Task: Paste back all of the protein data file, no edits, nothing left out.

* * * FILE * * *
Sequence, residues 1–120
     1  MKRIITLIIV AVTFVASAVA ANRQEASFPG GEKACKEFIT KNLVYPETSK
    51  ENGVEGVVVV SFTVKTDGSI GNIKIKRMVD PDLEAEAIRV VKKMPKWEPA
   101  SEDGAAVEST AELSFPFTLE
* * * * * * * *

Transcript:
Sequence, residues 1–120
     1  MKRIITLIIV AVTFVASAVA ANRQEASFPG GEKACKEFIT KNLVYPETSK
    51  ENGVEGVVVV SFTVKTDGSI GNIKIKRMVD PDLEAEAIRV VKKMPKWEPA
   101  SEDGAAVEST AELSFPFTLE